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Trendspotting: Christmas Holiday Edition!

Hey, all! This season, I've been working with an on-again off-again trendspotting feature that sifts through NBA data and spits out some interesting trends-to-date. Given the NBA's long-held tradition of Christmas day goodies, I decided to refrain from doing a normal version of the column this week, instead aiming to go over a trend of note for each team playing in today's action, as well as a short blurb on what these two trends may mean when they collide. So much fun! The trendspotting feature (with sourced trend-tracking and the rest) will return next week. Please enjoy this college try at a Christmas post. Be gentle!

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GAME #1: CHICAGO at BROOKLYN -- Lineup Trouble! (via NBAWowy.com)

CHICAGO: For Chicago fans, this season represents -- effectively -- the darkest possible timeline. Derrick Rose went down 10 games into the season over a month ago. Guess what lineup is STILL the Bulls most used lineup, over a month later? Rose/Butler/Deng/Noah/Boozer. It was used for 129 minutes of NBA action this year -- their next-most-used lineup is Hinrich/Snell/Deng/Noah/Boozer (around 80 minutes), which isn't quite what Chicago fans had in mind when visions of title teams danced in their preseason heads. The worst part? Although it was borderline unwatchable, that Rose/Butler/Deng/Noah foursome wasn't bad at all, scoring 1.06 PPP and allowing 0.95 PPP, rates that would translate to a title team over a whole season. Even with Rose's struggles, the lineups worked decently well -- teams respected Rose's offense and the defense was, as expected, vicious. Chicago's problem this year has been depth, and the fact that just about everyone on the court after those four guys has been disappointing and mired in barely-rotation-player status. Thibodeau is trying his best to find something that works, but his scrabbling is akin to a sous chef on Chopped being handed a bag of dog poop and asked to incorporate it into a beautiful dessert. There really aren't too many outs, there.

BROOKLYN: So, you know all that talk about Chicago's best lineups? Brooklyn's best lineups haven't been nearly as effective on the court, but it's hard to really get a grip on any of them, because none of them have played. Look at this semi-hilarious, semi-depressing list of "top" lineups that the Nets have put out this season:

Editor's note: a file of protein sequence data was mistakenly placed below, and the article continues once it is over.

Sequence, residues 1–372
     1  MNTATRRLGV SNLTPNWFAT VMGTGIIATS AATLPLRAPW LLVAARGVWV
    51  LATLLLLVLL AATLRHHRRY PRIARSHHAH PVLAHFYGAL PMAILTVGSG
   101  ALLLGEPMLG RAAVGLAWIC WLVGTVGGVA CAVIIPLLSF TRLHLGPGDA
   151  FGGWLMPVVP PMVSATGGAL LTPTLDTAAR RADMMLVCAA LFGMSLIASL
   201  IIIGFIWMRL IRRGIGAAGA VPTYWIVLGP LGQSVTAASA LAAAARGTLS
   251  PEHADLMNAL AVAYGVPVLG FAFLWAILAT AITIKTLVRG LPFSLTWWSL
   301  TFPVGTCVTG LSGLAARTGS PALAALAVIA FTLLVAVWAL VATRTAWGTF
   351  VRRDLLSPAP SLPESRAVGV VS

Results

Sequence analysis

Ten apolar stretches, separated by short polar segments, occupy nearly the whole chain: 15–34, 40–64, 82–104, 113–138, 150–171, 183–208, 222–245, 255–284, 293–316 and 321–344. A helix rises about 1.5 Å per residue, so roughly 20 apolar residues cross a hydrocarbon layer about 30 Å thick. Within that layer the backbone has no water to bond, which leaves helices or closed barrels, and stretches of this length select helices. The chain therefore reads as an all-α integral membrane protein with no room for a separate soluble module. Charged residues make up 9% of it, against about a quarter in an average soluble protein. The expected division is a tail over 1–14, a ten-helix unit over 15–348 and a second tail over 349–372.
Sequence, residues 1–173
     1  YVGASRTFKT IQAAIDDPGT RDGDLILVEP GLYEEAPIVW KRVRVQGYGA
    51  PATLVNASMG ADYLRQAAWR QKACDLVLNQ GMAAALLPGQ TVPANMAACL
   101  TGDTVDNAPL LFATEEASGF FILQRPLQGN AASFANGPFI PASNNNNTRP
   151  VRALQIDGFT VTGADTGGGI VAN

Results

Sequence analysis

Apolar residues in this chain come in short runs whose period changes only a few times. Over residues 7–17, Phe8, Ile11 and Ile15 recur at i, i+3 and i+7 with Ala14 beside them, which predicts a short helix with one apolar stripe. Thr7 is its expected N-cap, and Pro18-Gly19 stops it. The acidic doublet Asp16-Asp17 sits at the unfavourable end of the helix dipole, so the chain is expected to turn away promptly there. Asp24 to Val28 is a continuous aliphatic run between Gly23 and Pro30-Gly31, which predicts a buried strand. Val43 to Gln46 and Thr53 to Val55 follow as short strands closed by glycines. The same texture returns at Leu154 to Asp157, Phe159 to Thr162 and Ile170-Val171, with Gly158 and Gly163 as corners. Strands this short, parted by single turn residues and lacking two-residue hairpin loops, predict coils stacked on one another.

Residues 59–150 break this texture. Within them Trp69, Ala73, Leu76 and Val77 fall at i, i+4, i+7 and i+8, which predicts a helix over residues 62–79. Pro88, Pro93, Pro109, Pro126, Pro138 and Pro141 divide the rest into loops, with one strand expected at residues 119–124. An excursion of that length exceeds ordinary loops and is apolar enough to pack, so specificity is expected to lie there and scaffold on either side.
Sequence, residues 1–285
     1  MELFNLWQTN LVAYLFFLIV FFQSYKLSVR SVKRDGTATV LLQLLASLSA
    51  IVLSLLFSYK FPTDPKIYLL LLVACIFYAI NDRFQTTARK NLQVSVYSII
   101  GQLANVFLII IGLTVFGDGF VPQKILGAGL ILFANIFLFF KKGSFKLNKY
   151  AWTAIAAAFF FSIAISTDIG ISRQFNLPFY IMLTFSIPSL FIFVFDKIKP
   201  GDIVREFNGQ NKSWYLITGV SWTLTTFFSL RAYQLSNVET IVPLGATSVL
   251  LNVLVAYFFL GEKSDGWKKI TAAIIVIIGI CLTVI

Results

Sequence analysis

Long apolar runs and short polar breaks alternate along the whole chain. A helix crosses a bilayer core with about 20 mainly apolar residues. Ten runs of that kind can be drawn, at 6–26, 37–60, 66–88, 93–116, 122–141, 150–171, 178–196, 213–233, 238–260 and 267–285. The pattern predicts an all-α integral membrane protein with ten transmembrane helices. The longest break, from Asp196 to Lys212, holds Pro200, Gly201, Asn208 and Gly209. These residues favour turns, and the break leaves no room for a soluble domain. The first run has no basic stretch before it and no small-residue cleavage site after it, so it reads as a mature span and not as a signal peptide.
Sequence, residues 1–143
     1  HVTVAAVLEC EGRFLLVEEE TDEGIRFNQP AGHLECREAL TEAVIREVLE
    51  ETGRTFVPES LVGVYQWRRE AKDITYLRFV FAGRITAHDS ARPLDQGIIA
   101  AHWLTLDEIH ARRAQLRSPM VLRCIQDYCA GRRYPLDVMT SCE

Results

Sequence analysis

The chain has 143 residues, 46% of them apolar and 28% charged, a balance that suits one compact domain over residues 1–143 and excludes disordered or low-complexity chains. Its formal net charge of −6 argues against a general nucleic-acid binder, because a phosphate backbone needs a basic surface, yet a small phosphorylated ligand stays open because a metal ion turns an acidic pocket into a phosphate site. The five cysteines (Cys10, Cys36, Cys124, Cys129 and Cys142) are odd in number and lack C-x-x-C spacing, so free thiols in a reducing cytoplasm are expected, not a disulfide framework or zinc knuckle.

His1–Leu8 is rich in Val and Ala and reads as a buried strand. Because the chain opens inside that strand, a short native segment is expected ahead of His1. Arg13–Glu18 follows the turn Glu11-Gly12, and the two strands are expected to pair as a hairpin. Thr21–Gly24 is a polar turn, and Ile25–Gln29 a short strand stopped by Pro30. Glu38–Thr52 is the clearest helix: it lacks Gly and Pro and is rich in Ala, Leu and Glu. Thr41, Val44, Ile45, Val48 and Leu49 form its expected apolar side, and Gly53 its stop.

Williams, Johnson, Pierce, Garnett, Lopez (175 possessions, 89.6 minutes)
Williams, Johnson, Pierce, Blatche, Lopez (114 possessions, 54.0 minutes)
Livingston, Johnson, Pierce, Garnett, Blatche (76 possessions, 40.0 minutes)
Williams, Anderson, Johnson, Garnett, Lopez (75 possessions, 39.6 minutes)
Livingston, Anderson, Pierce, Plumlee, Blatche (66 possessions, 34.1 minutes)

I can hear your response now. "Are you kidding? Is this a joke?" Nope, no jokes, just rough chuckles. In a single game, any particular top-rung lineup that's versatile to be used non-situationally can usually muster around 5-10 minutes. Forty minutes of action for their best non-Lopez lineup is just kind of ridiculous at this point. Kidd has been going more than a little bit nuts on the lineup combinations (click on the "units" tab) while desperately searching for something that works. He hasn't quite found it yet. Obviously.

WHAT TO EXPECT? A really depressing game that makes you want to start drinking heavily before anyone opens presents. M*A*S*H unit lineups juggled by overwhelmed coaches. Incredibly slow pace. The dawning of the Shirsey. "Wojbombs over Baghdad."

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GAME #2: OKLAHOMA CITY at NEW YORK -- Assist Opportunities (via NBA's Stat Site)

OKLAHOMA CITY: Although we don't have SportVU data available for any earlier season, one thing I've noticed from Oklahoma City's offense is that in the aftermath of the Harden trade they've tinkered with their offense in such a way that imitates the style they toyed around with during their coming-out party in the 2012 Western Conference Finals. What I mean by this is simple -- more passing, less isolation (although they're still very good at it and do it more than most teams), and more of a concerted effort to set up their fellow man. Since there's no baseline for comparison here, I could be completely wrong. But I have to think that Oklahoma City's average "assist opportunities" total has gone up over the years.

SportVU classifies an "assist opportunity" as the number of passes per game a player throws that could result in assists if their teammate makes the shot. Essentially, it allows fans to put a number to the "wow, ____'s teammates aren't making ANYTHING!" supposition that gets thrown around from time to time. Oklahoma City produces, as a team, 42.8 assist opportunities per game. This produces 21.8 vanilla assists per game (IE, assists as generally defined -- a made shot off of a pass) and 2.68 "free throw" assists per game (IE, non-counted assists where the target of the pass goes to the line). That means that Oklahoma City is converting on 24.4 of their 42.8 assist opportunities per game, producing points on 57% of their explicit passing plays. When the Thunder are passing within the flow of their offense, they're a ridiculously dangerous team.